United States District Court, D. Delaware
PABLO A. DAMIANI, Plaintiff,
DETECTIVE DUFFY, et al., Defendants.
Pablo A. Damiani, James T. Vaughn Correctional Center,
Smyrna, Delaware, Pro Se Plaintiff.
Michael F. McTaggart, Deputy Attorney General, Delaware
Department of Justice, Wilmington, Delaware. Counsel for
Defendants Detective Duffy, Gary Potts, Daniel Grassi,
Corporal Lano, Eric Daniels, John Dudzinski, Mark Hawk,
Ronald Kline, Corey Godek, Detective Tsai, Detective Rhoades,
Detective Glenn, Rob Krisilla, James Kelly, Scott Galbreath,
Charles M. Oberly III, United States Attorney, and Jennifer
Lynne Hall, Assistant United States Attorney, Wilmington,
Delaware. Counsel for Defendants Casey Bouldin, Detective
Morrissey, Ronald Kline, and the United States of America.
Rosamaria Tassone-DiNardo, Esquire, City of Wilmington Law
Department, Wilmington, Delaware. Counsel for Defendant
ANDREWS, U.S. District Judge:
Pablo A. Damiani, an inmate at the James T. Vaughn
Correctional Center, Smyrna, Delaware, filed this action
pursuant to 42 U.S.C. § 1983. He appears pro se
and has been granted leave to proceed in forma
pauperis. (D.I. 7). The case proceeds on the fourth
amended complaint (D.I. 214), which raises excessive force
claims against Defendants. Before the Court are
Plaintiff's Request for Counsel (D.I. 229),
Plaintiff's Motion to Strike his own deposition (D.I.
237), and Defendant Casey Bouldin's Motion for Sanction
of Dismissal (D.I. 232). Briefing on the motions is complete.
seeks counsel on the grounds that he is indigent with no
legal training, is confined in administrative segregation,
has limited law library access, Defendants are represented by
attorneys, he has no ability to investigate his case,
considerable discovery is necessary, there are conflicting
statements of the parties, and the allegations, if proved,
clearly establish a constitutional violation. (D.I. 229).
pro se litigant proceeding in forma
pauperis has no constitutional or statutory right to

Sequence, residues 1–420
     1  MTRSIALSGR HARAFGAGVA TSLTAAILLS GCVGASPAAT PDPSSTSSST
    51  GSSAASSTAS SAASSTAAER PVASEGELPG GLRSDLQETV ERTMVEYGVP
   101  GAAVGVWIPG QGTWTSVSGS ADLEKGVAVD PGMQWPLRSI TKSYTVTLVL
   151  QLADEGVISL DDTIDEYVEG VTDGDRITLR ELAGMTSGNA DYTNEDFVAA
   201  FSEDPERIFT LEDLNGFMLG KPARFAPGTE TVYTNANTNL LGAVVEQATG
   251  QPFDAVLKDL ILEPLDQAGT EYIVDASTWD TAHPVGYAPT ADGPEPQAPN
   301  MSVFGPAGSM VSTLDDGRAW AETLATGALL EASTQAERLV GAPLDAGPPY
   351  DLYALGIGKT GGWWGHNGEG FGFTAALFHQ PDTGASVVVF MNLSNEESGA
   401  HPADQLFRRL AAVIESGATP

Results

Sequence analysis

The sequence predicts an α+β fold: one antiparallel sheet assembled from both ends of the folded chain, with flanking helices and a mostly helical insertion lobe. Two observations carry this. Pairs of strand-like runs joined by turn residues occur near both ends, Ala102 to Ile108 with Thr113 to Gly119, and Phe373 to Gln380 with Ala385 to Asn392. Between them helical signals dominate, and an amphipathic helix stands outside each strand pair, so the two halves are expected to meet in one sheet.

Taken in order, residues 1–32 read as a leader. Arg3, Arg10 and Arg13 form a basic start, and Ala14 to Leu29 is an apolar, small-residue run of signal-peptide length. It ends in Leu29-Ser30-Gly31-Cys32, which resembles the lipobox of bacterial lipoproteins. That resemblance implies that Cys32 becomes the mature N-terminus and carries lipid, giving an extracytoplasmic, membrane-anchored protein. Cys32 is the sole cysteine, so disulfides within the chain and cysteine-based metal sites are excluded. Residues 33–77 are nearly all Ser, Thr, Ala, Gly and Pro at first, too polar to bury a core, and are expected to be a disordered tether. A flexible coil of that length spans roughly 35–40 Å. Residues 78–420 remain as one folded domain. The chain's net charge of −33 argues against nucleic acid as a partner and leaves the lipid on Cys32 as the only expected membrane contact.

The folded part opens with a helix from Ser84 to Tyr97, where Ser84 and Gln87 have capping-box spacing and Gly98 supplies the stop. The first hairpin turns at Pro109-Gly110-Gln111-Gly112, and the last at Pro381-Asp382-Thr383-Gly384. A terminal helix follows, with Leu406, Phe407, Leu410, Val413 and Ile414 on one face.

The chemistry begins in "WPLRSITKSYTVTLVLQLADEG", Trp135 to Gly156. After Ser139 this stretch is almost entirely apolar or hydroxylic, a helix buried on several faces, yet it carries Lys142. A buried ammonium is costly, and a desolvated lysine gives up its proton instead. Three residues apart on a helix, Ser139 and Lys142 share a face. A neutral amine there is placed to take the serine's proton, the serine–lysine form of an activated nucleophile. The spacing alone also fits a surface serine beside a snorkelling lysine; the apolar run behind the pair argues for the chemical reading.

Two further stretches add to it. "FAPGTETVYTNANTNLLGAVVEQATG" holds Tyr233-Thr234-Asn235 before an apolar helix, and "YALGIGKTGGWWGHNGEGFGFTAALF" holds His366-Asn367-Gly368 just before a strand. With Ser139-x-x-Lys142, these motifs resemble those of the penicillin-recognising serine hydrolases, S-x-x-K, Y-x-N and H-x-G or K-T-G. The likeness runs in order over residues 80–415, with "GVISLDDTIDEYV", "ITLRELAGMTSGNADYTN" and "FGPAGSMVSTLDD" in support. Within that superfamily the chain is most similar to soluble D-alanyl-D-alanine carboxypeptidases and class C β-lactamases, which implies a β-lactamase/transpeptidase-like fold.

representation by counsel. See Brightwell v. Lehman, 637
F.3d 187, 192 (3d Cir. 2011); Tabron v. Grace, 6
F.3d 147, 153 (3d Cir. 1993). However, representation by
counsel may be appropriate under certain circumstances, after
a finding that a plaintiffs claim has arguable merit in fact
and law. Tabron, 6 F.3d at 155.
passing this threshold inquiry, the Court should consider a
number of factors when assessing a request for counsel.
Factors to be considered by a court in deciding whether to
request a lawyer to represent an indigent plaintiff include:
(1) the merits of the plaintiff's claim; (2) the
plaintiff's ability to present his or her case
considering his or her education, literacy, experience, and
the restraints placed upon him or her by incarceration; (3)
the complexity of the legal issues; (4) the degree to which
factual investigation is required and the plaintiff's
ability to pursue such investigation; (5) the plaintiffs
capacity to retain counsel on his or her own behalf; and (6)
the degree to which the case turns on credibility
determinations or expert testimony. See Montgomery v.
Pinchak, 294 F.3d 492, 498-99 (3d Cir. 2002);
Tabron, 6 F.3d at 155-56. The list is not
exhaustive, nor is any one factor determinative.
Tabron, 6 F.3d at 157.
has previously requested, and been denied, counsel on
numerous occasions. (See D.I. 20, 58, 65, 82, 115,
127, 177). Once again reviewing Plaintiffs requests, the
Court concludes that the case is not so factually or legally
complex that appointing an attorney is warranted. To date,
the filings in this case demonstrate Plaintiffs ability to
articulate his claims and represent himself. Thus, in these
circumstances, the Court will deny, without prejudice to
renew, Plaintiffs request for counsel. (D.I. 229). The Court
will revisit the issue should it become necessary to do so.
FOR SANCTION OF DISMISSAL
Casey Bouldin moves for dismissal of this case as a sanction
on the basis that Plaintiff repeatedly perjured himself
during his deposition. (D.I. 232). Plaintiff responds that he
did not lie during his deposition and that his deposition
testimony is consistent with the testimony he provided during
his criminal trial. (D.I. 250, 252).
support of his motion, Bouldin refers to a recorded telephone
conversation between Plaintiff and his fiance, and two other
recorded interviews; one when Plaintiff was interviewed by
detectives and the other when he agreed to an
"off-the-record proffer" of information during plea
negotiations in his criminal case. (D.I. 234 at Exs. 6, 7,
10). In the recorded conversations and interviews, Plaintiff
stated that he had committed twenty-two armed robberies in
2010, including four robberies on the night of his December
6, 2010 arrest. (Id.) Plaintiff did not accept the
plea offer, was tried by a jury, and convicted in Delaware
Superior Court of eighteen counts of robbery in the first
degree, thirty-three counts of possession of a firearm during
the commission of a felony, eleven counts of wearing a
disguise, six counts of conspiracy in the second ...